Long-term outcomes and secondary prevention after acute coronary events in patients with rheumatoid arthritis
Patients with rheumatoid arthritis (RA) are at increased risk of acute coronary syndrome (ACS) and suffer from poorer short-term outcomes after ACS. The aims of this study were to assess long-term outcomes in patients with RA with ACS compared with non-RA patients with ACS, and to investigate whether the use of secondary preventive drugs could explain any differences in ACS outcome.
We performed a cohort study based on 1135 patients with RA and 3184 non-RA patients who all developed an incident ACS between 2007 and 2010. We assessed 1-year and overall relative risks for ACS recurrence and mortality, as well as prescriptions of standard of care secondary preventive drugs.
The risk of ACS recurrence, and of mortality, was increased in RA, both at 1 year after adjusting for baseline comorbidities (HR=1.30(95% CI 1.04 to 1.62) and 1.38(95% CI 1.20 to 1.59), respectively) and throughout the complete (mean 2 years) follow-up (HR=1.27(95% CI 1.06 to 1.52) and 1.50(95% CI 1.34 to 1.68), respectively). Among certain subgroups of ACS, there was a tendency of lower usage of statins, whereas there were no apparent differences in others. The increased rates of ACS recurrence and mortality remained in subgroup analyses of individuals whose prescription pattern indicated both adequate initiation and persistence to secondary preventive treatments.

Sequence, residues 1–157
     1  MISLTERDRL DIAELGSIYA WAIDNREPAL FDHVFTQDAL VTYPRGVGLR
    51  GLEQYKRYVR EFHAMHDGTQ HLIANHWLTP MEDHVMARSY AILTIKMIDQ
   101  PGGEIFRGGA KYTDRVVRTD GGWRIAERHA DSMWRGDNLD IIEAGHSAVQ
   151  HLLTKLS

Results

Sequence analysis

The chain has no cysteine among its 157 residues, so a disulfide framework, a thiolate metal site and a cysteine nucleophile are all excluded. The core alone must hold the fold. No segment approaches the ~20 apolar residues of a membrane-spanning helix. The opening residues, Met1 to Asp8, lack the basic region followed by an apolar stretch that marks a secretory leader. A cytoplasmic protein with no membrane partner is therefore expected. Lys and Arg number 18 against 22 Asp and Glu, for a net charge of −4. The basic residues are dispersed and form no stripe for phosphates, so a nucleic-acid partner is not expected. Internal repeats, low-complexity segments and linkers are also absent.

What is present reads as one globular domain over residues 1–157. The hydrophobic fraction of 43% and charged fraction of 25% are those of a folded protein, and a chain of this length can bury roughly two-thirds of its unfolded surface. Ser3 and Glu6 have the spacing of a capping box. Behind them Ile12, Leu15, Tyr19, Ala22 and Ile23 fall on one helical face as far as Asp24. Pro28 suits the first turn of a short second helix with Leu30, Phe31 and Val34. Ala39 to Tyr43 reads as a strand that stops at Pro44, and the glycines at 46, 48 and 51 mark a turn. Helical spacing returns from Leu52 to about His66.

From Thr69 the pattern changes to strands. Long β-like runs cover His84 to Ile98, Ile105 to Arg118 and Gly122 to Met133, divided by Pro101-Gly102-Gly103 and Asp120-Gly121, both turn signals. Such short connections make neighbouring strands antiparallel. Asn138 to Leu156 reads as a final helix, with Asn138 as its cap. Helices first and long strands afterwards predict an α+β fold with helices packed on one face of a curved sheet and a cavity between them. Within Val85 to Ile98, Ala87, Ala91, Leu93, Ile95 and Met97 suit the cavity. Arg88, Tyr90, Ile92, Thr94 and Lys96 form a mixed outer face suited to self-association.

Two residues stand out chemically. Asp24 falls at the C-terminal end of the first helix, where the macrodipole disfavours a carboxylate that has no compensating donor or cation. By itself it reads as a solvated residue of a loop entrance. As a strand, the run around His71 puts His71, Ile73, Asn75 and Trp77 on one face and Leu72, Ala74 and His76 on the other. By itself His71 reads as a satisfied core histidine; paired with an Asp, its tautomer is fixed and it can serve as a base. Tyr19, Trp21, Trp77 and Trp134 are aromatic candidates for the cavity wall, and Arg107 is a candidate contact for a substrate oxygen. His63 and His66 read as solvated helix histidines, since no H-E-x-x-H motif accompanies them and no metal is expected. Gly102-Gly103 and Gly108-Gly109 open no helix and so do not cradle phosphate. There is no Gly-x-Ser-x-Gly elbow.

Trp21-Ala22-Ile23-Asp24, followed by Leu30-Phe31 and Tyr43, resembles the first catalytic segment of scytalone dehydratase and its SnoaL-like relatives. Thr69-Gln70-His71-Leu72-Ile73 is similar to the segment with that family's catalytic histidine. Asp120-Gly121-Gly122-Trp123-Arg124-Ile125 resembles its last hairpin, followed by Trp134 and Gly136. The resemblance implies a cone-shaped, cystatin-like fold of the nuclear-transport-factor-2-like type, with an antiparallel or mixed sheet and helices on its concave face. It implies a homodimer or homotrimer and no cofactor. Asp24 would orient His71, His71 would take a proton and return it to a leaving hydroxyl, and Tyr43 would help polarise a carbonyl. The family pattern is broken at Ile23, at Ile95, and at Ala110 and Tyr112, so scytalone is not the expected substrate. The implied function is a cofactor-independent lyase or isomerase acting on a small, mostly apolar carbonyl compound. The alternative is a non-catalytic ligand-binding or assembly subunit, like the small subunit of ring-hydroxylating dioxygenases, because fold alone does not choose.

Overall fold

Patients with RA suffer from an increased risk of ACS recurrence and of death following ACS compared with general population, which in the present study could not readily be explained by differences in usage of secondary preventive drugs.
Publisher URL: http://ard.bmj.com/cgi/content/short/76/12/2017
Keeping up-to-date with research can feel impossible, with papers being published faster than you'll ever be able to read them. That's where Researcher comes in: we're simplifying discovery and making important discussions happen. With over 19,000 sources, including peer-reviewed journals, preprints, blogs, universities, podcasts and Live events across 10 research areas, you'll never miss what's important to you. It's like social media, but better. Oh, and we should mention - it's free.
Researcher displays publicly available abstracts and doesn’t host any full article content. If the content is open access, we will direct clicks from the abstracts to the publisher website and display the PDF copy on our platform. Clicks to view the full text will be directed to the publisher website, where only users with subscriptions or access through their institution are able to view the full article.